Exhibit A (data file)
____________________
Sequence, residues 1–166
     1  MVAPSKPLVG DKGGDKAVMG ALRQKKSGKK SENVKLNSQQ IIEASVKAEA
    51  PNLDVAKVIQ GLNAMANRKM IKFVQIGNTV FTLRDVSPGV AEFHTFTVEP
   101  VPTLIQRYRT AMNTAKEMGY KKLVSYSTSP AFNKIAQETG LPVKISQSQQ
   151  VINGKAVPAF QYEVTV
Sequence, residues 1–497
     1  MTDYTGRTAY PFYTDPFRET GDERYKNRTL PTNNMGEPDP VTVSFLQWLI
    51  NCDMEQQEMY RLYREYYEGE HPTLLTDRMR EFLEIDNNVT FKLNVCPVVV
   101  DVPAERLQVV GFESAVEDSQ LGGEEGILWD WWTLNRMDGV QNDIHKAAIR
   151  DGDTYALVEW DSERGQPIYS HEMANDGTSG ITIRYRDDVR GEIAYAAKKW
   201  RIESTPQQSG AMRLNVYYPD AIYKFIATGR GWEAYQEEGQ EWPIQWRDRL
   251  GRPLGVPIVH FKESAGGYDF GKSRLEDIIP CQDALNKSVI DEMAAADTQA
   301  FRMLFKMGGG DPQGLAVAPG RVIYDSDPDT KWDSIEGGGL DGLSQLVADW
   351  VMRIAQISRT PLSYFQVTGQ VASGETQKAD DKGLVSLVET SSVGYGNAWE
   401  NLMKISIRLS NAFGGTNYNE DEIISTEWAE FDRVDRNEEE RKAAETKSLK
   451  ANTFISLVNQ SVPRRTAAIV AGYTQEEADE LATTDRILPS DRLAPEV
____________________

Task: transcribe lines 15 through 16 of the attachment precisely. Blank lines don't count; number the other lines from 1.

   401  NLMKISIRLS NAFGGTNYNE DEIISTEWAE FDRVDRNEEE RKAAETKSLK
   451  ANTFISLVNQ SVPRRTAAIV AGYTQEEADE LATTDRILPS DRLAPEV